May 2, 2016
Remembering Our Founding Fathers
OSWEGO COUNTY - Oswego County was incorporated on March 1, 1816 and the Legislature commemorated this milestone as well as the county's founding fathers at its monthly meeting that same month. Legislator Shawn Doyle, District 3, chairman of the Oswego County Bicentennial committee and historian for the town of Richland, presented another "History Moment" to showcase these men.
"As the county was founded, New York State appointed three representatives to act as commissioners who would make recommendations for the first officers, locate the county seats and select sites for county buildings," said Doyle. "They included state Senator Perley Keyes, former state Assemblyman Ethel Bronson of Jefferson County, and state Senator Stephen Bates of Ontario County."
The board considered candidates for the positions of Judge of Common Pleas, Surrogate Court Judge, six associate justices, nine town supervisors, sheriff and undersheriff, and county treasurer and clerk.
Its recommendations for the first appointed officials included Justice Barnet Mooney as Judge of Common Pleas; Justice Elias Brewster as Surrogate Court Judge; and justices Peter David Huginin, Edmund Hawks, Daniel Hawks Jr., Smith Dunlap, Henry Williams and David Easton as associate judges. Four of these judges would also serve as town supervisors.
Mooney stood for the town of Hannibal; Brewster served the town of Mexico; Williams represented the town of Williamstown and Easton acted for the town of New Haven. Other town supervisors included William Lord as representative of the town of Redfield; John Cephas Pride as agent for the town of Richland; Samuel Tiffany as the delegate for the town of Scriba; and Oliver Burdick as the officeholder in the town of Volney. The first supervisor for the town of Constantia is unknown as official records were lost in a fire in 1853.
John Smith Davis of Pulaski was named as the first county sheriff and Pliney Jones, also of Pulaski was appointed as his undersheriff. The initial county treasurer was Peter Pratt of Mexico and the original county clerk was James Adams of the town of Oswego.
Doyle continued, "The lives of these men have been researched as part of the bicentennial to try to learn a little more about whom they were and where they came from. Some commonalities emerged, such as the origin of all but two men being New England states; nine from Connecticut, three from Massachusetts, and two from New York. The remaining two were from New Jersey.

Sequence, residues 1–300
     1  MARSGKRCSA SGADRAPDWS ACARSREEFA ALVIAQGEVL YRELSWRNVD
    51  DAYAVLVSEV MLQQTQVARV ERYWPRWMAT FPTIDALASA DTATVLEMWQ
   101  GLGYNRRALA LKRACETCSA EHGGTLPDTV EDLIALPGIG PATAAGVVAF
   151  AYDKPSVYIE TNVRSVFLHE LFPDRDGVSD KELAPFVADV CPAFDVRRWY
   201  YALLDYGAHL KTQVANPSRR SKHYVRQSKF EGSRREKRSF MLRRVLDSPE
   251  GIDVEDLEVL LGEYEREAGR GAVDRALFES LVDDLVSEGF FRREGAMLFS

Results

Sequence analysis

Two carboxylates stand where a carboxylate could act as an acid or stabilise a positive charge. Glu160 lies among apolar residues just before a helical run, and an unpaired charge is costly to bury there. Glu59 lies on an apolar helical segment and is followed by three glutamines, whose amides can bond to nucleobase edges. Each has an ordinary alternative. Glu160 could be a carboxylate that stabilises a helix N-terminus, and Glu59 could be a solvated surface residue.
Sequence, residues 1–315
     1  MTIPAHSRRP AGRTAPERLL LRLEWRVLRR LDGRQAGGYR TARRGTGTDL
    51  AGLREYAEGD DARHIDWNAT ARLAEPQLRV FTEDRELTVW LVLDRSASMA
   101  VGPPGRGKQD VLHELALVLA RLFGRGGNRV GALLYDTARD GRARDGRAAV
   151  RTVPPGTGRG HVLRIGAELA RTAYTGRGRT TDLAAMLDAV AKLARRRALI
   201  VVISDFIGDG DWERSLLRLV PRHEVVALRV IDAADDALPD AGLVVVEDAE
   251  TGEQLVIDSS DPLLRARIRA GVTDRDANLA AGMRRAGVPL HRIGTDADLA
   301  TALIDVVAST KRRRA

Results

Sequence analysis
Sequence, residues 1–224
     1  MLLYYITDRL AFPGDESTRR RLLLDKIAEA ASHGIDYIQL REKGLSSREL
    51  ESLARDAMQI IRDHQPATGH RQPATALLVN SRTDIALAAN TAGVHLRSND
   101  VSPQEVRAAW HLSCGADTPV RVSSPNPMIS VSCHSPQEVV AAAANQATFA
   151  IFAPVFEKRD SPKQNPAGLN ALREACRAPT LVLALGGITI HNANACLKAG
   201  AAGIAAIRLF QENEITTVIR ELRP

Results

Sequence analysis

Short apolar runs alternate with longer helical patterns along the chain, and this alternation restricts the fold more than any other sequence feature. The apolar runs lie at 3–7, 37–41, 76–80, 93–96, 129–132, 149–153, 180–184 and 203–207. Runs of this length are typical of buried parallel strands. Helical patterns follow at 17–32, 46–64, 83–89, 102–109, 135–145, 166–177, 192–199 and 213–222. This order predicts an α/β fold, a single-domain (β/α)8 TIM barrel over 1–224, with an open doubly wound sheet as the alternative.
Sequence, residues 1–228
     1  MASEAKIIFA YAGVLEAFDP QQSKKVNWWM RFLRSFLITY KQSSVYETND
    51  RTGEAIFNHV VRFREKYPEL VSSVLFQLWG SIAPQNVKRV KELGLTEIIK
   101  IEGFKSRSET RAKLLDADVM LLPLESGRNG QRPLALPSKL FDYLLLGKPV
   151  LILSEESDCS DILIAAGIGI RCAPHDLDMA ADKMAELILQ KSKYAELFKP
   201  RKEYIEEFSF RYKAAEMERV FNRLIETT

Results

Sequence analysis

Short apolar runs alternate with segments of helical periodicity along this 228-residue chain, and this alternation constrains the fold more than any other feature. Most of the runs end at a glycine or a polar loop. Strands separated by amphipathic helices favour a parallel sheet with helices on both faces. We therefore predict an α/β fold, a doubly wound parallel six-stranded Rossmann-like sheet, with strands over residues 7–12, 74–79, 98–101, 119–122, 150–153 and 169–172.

"It also seems that some of these men knew one another in their earlier lives and possibly moved to this area together in a chain migration, which is not unusual in the western movement of people in this country. Most of them remained here the remainder of their lives, while others moved on to Pennsylvania, Wisconsin, Indiana and Michigan."
The state-appointed board of commissioners also named two county seats, one in Oswego and the other in Pulaski, rather than one as a compromise to the long-debated issue.
From the late 1700s, borders continuously changed as counties and towns were formed and modified. In 1804, there was a discussion to form a new county from portions of Lewis, Jefferson and eastern Oswego counties, making the town of Redfield the county seat. In 1808, residents and landowners in Camden, Redfield, Florence, Mexico, Williamstown and Fredericksburgh signed a petition to establish Scriba County. In 1810, residents of the village of Oswego began a campaign to form a new county; locating the village in its center.
All of these efforts failed and, in 1813, new discussions took place in which Oswego leaders proposed including Hannibal and Lysander in the formation of a new county and moving the county center further west. This plan was opposed by leaders in the town of Richland, who sought to make that township the county seat. Finally, the new boundary lines were accepted and two county seats were established, thus making Oswego County a 'half-shire' county.
The townships in the two shires were split between Albion, Amboy, Constantia, Hastings, Mexico, New Haven, Orwell, Parish, Redfield, Richland, Sandy Creek, West Monroe and Williamstown to the east; and Granby, Hannibal, Oswego, Palermo, Schroeppel, Scriba, Volney, and the city of Oswego to the west.
From 1816 to 1851, the county clerk alternated office space between Oswego and Pulaski every three years until a permanent office was built on its current site on East Bridge and Second streets in Oswego. The Pulaski Courthouse was erected at its present location on Bridge Street in 1819 and the first Oswego Courthouse was built in 1822 with the present building completed in 1858. In the mid-1800s, the New York State Legislature required the Oswego County Board of Town Supervisors to alternate annual meetings between Oswego and Pulaski; however, by 1895, they were authorized to hold all of their meetings in Oswego. Today, the Oswego County Legislature holds its August meeting at the Pulaski Courthouse every year in honor of the county's heritage as a half-shire county.
For more information about the county bicentennial, find Oswego County on Facebook or visit http://visitoswegocounty.com/historical-info/bicentennial-of-oswego-county/. .
COMMEMORATION HIGHLIGHTS THE MEN WHO STARTED IT ALL - Oswego County Legislator Shawn Doyle, District 3, chairman of the Oswego County Bicentennial Committee and town of Richland historian, addresses the full Legislature during its March meeting to discuss his research of the county's founding fathers in this bicentennial year. The county's first leaders included a Judge of Common Pleas, Surrogate Court Judge, six associate justices, nine town supervisors, a sheriff and undersheriff, treasurer and county clerk, all appointed by New York State in 1816..
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